Your GP can organise a PSA test for you if you have symptoms of prostate disease. Men with early prostate cancer may not have any symptoms as these only occur when the cancer is large enough to put pressure on the urethra or disturb bladder function.

Visit NHS.UK prostate cancer overview for more information.


Local Information and Advice

If you, or someone close to you, has been diagnosed with cancer, there are places you can go for advice and support.

Coping with Cancer North East offer a variety of services, all free of charge, at different venues in the North East, including complementary therapy, counselling, palliative care and drop in and support groups.

Fighting All Cancers Together (FACT) aims to source, promote, and form relationships between the support services, and oganisations available to cancer patients.

HeadStrong – Breast Cancer Care is a partnership between Marie Curie and Breast Cancer Care. They can help you to cope with hair loss by offering you tips on hair and scalp care for before, during and after treatment. They can also offer you the chance to experiment with scarves, hats and hairpieces in a comfortable and private environment.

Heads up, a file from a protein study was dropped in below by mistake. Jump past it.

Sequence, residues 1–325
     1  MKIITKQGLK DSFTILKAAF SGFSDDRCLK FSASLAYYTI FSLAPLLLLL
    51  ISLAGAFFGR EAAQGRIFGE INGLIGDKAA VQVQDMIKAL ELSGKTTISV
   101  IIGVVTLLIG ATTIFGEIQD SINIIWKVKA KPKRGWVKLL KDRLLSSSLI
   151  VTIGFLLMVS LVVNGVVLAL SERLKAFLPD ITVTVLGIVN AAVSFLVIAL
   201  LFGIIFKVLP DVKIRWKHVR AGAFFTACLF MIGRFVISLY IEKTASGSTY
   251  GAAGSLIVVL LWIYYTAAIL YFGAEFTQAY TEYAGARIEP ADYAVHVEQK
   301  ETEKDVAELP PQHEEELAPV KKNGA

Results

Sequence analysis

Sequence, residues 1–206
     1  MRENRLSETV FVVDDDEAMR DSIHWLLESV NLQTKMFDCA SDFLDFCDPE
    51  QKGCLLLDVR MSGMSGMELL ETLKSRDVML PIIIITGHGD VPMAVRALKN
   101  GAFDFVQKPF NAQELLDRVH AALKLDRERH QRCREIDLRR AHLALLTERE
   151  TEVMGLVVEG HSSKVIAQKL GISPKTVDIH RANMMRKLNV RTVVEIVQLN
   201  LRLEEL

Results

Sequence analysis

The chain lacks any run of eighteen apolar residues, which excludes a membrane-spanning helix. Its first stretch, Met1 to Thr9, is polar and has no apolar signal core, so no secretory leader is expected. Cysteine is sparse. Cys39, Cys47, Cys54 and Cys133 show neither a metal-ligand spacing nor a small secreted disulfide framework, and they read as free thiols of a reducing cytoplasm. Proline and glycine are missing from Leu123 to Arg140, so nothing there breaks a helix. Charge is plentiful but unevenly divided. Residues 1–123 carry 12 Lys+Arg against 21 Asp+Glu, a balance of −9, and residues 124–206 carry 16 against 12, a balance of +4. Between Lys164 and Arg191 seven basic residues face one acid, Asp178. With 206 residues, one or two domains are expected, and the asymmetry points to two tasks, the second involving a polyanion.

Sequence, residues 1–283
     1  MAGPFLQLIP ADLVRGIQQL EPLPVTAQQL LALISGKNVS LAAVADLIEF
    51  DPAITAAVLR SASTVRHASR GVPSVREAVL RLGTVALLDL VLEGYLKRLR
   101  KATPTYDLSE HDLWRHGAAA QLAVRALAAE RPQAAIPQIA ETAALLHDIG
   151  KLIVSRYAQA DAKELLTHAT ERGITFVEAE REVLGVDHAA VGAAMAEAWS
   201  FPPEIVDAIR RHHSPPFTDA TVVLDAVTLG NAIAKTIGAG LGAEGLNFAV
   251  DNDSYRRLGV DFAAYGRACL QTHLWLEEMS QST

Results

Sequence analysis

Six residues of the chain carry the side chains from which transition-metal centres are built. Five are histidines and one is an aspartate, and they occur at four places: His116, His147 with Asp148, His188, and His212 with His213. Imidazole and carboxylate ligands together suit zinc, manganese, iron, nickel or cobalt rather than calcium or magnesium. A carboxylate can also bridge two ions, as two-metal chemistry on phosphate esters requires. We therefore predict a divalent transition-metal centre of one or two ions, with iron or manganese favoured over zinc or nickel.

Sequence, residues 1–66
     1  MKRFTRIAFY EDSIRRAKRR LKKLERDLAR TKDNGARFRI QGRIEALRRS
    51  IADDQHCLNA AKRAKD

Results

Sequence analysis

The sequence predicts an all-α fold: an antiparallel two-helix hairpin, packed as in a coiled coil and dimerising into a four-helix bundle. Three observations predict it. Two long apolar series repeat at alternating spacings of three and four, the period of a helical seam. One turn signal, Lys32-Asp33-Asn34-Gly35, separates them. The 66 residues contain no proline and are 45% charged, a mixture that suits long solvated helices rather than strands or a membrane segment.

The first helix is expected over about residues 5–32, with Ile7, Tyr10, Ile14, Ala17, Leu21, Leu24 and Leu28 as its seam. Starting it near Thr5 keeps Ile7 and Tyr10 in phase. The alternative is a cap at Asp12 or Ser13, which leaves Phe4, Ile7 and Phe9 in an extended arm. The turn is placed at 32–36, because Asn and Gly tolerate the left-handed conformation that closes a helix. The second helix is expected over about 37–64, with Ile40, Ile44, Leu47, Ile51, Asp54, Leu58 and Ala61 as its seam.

Lifespan is a local charity which brings ease and support to people with serious and life-threatening illness, and to the family members and friends who care for them.

Look Good … Feel Better is a charity that offers free makeovers to women with cancer. They report that patients who go to their workshops have stronger self-esteem and enhanced moods after they’ve indulged in some ‘me time’, as being pampered can have a positive effect on your health.

Macmillan One to One Support Service is for people with cancer who need support and advice on a one-to-one basis following hospital treatment. It offers support and advice on many issues to improve quality of life including:

  • Managing the symptoms and long term side effects of cancer treatment including fatigue, breathlessness, bowel problems, pain, anxiety and low mood
  • Making sure you are aware of the signs and symptoms of cancer recurrence and when to access medical help – Feeling well and keeping active
  • Helping you to manage your illness yourself
  • Making sure you are aware of services that can help you

Macmillan Cancer Information Centre has a well-stocked library of leaflets and booklets and internet access for patients and carers. The centre offers a drop in service to anyone affected by cancer.

Maggie’s Newcastle offers free practical, emotional and social support to people with cancer and their family and friends. Services include:

  • practical advice about benefits, hair loss and eating well